No U.S. Open is ever complete without at least one hole on the course that draws the field's ire for the week. Last year that hole was the par 5 14th, a hole that gave players fits with a green that had a shaved bank on the left side that funneled errant shots off the green and out of the county of Monterey.
One year after a par-5 was one of the most talked about holes, there's a good chance the par-5 16th at Congressional could very well be the most talked about hole on the course. At 579 yards, the hole wouldn't seem to be the kind that would make players very nervous; after all, with that much yardage, most would probably be inclined to lay up short and try and stick it close for birdie.
But with the USGA considering moving the tee box up, the hole could go to roughly 530 yards, well within the range of every player in the field to have a go at it in two. So what's the big deal with the hole? As you can see from the video that Geoff Shackelford shot (above) earlier in the week, hitting it long and right on the 16th could put you in the worst position on the course.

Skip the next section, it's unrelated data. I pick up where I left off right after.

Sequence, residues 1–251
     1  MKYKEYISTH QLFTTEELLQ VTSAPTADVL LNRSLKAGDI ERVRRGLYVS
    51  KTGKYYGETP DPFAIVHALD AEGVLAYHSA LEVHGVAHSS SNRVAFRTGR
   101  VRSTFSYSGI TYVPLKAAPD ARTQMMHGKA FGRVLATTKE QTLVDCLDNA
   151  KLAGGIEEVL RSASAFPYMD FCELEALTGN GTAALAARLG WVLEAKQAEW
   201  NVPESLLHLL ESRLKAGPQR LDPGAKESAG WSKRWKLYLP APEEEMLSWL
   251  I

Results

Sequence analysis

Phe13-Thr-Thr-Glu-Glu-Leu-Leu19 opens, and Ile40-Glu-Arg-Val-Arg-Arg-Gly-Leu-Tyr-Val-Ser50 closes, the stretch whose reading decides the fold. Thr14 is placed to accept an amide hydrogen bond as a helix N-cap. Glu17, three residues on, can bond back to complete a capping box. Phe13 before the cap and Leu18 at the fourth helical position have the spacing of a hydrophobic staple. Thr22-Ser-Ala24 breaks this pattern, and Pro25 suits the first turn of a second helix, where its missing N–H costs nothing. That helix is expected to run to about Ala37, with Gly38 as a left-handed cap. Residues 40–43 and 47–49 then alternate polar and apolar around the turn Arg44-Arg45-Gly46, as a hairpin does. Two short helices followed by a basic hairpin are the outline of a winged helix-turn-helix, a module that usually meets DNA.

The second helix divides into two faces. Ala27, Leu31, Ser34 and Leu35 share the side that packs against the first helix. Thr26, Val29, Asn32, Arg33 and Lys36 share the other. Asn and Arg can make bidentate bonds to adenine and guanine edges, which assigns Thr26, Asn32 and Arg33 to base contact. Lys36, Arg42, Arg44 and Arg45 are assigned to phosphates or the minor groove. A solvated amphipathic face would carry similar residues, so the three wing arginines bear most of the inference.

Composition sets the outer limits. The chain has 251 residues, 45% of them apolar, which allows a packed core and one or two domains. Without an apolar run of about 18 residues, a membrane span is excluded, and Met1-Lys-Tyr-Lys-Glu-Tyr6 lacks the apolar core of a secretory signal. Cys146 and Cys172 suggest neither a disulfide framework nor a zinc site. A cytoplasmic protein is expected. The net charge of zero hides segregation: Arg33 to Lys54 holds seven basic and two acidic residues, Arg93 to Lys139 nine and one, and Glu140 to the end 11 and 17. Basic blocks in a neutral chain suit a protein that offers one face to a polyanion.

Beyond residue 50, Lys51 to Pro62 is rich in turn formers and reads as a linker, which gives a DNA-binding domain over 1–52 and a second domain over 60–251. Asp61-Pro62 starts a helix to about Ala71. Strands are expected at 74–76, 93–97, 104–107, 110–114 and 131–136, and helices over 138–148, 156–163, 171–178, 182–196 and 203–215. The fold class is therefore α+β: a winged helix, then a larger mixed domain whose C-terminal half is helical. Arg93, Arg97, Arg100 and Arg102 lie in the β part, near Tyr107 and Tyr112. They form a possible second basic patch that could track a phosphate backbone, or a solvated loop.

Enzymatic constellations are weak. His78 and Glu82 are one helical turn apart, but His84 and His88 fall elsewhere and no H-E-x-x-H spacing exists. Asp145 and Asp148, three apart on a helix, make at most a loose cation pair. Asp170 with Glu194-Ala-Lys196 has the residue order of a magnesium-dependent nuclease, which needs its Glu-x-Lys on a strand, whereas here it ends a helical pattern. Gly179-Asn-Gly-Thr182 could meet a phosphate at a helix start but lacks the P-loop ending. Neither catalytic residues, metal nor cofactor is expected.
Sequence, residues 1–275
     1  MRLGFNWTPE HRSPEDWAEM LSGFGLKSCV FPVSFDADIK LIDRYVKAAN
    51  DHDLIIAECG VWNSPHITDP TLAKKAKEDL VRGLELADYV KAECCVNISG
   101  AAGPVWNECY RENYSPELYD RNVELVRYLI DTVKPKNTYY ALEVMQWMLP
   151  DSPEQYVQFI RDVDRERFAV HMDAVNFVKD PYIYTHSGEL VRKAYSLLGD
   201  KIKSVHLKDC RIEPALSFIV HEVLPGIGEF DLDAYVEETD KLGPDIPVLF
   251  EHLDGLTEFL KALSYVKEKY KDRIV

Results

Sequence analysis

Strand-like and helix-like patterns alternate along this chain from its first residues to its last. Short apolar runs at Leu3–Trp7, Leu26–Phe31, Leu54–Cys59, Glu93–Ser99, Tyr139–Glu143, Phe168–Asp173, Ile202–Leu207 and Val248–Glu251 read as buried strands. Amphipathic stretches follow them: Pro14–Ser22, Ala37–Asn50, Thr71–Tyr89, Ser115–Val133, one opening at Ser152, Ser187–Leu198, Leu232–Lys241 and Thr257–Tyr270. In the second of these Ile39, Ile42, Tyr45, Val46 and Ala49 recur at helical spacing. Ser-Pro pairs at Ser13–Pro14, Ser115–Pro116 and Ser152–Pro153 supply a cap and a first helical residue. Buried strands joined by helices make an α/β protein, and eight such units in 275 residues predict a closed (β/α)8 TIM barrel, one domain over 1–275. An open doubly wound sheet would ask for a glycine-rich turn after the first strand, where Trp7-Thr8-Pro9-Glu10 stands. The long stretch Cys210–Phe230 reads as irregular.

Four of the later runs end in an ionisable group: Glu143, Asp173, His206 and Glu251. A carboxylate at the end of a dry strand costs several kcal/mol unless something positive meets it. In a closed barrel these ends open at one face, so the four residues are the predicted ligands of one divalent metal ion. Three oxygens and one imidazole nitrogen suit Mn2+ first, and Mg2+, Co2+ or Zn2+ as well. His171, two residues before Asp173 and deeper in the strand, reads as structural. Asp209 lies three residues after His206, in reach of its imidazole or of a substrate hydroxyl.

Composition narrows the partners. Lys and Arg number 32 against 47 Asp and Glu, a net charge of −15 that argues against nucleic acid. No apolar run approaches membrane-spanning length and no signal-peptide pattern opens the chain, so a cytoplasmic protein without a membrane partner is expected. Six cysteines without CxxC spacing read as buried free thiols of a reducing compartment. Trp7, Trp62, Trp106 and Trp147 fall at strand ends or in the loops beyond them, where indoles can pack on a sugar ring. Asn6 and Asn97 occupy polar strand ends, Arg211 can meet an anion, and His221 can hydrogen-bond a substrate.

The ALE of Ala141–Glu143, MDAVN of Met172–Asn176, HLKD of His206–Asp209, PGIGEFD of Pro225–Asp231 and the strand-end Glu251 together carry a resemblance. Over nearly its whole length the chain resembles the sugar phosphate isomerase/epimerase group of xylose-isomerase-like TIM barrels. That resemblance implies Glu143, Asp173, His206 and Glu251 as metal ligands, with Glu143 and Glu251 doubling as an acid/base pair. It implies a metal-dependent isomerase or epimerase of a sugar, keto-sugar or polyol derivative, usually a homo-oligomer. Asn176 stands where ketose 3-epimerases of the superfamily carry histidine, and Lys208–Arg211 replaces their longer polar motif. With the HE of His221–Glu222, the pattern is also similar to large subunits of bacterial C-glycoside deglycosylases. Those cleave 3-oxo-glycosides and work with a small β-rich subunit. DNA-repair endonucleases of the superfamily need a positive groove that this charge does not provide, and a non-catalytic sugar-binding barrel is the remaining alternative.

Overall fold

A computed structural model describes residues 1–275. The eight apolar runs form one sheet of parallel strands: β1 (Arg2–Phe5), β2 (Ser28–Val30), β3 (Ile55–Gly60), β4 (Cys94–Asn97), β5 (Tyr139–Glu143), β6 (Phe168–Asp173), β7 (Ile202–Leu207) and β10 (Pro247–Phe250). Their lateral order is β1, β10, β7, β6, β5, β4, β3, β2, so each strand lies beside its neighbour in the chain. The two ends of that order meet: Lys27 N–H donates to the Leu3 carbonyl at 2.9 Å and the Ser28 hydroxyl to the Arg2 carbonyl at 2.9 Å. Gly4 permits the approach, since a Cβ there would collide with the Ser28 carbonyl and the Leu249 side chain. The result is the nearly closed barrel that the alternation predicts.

Not only does the ball roll off the green, going right rolls your ball into the pine straw and under some low-hanging trees. It's a double whammy that should have the players talking about the hole -- especially if they move the tee box up.
"... It really makes you think on that second shot, if you can get there," Phil Mickelson said in his Tuesday press conference. "If it's downwind and you can get there, you really have to think about what kind of shot you want to do because if you miss it long, if you fly it on the green and it goes over, that's a really hard up and down. And par might be difficult."
Par a difficult score on a par-5? That doesn't seem so absurd when you consider USGA setups are meant to be the epitome of risk-reward golf. Players gutsy enough to go for 16 in two could be looking at an eagle putt ... or a double-bogey.
We'll just have to see if anybody is crazy enough to go at the hole with the shaved slope lurking on the right and on the backside of the green.
More views of the trouble behind the par-5 16th [Geoff Shackelford]